Director breached his duty when using borrowed equipment
The Court of Appeal has upheld a ruling that a director breached his fiduciary duty when he made personal use of some equipment that had been loaned to his company.
Fiduciary commitments simply mean that a director must act in the company’s best interest and avoid any conflict between his personal interests and his duty to the company.
In this case, a waste management company was loaned some equipment by one of its customers. The equipment was old and dilapidated but the director was able to use it when renovating a property he owned.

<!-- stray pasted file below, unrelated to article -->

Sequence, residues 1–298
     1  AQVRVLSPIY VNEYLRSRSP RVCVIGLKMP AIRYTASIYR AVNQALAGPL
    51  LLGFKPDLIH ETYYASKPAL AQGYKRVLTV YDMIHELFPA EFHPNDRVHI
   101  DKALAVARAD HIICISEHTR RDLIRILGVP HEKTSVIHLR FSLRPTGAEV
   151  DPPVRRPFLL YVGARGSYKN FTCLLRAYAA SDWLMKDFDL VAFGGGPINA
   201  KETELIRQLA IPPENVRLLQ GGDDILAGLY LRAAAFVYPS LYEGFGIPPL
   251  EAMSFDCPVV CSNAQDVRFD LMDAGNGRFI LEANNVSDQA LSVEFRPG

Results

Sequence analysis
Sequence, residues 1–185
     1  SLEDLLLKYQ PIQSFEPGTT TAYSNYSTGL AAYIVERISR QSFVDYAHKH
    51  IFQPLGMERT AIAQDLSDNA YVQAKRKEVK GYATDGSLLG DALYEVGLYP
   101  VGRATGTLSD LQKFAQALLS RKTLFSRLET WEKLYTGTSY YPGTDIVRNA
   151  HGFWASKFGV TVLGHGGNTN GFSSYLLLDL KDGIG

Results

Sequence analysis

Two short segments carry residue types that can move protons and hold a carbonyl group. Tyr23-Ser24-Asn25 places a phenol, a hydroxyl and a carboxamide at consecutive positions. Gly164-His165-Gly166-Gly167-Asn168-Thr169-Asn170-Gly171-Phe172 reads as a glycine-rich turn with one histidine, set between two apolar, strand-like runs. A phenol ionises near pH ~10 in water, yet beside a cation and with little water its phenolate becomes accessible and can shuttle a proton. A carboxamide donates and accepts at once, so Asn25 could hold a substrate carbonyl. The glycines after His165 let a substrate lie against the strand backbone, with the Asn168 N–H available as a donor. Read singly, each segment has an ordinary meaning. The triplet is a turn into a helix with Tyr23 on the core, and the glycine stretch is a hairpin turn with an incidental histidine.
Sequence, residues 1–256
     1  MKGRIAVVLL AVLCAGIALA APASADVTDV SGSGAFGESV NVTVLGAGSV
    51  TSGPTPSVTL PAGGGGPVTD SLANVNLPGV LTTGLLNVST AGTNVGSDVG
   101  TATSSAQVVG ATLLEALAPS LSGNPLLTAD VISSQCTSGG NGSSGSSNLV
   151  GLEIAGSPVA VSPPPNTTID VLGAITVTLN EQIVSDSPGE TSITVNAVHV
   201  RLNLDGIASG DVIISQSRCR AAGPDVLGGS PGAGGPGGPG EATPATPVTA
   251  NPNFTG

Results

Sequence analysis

The equipment was not made available by the director for the company to use for its business purposes.
When the matter came to light several years later, the company issued proceedings against the director for breach of duty.
The judge held that the director should account to the company for the six-month period that he had the equipment.
That decision has now been upheld by the Court of Appeal. It held that fiduciary duties included an obligation not to make a secret profit.
In this case, the no conflict duty extended to preventing the director from depriving the company of the opportunity to use the loaned equipment for its own purposes.
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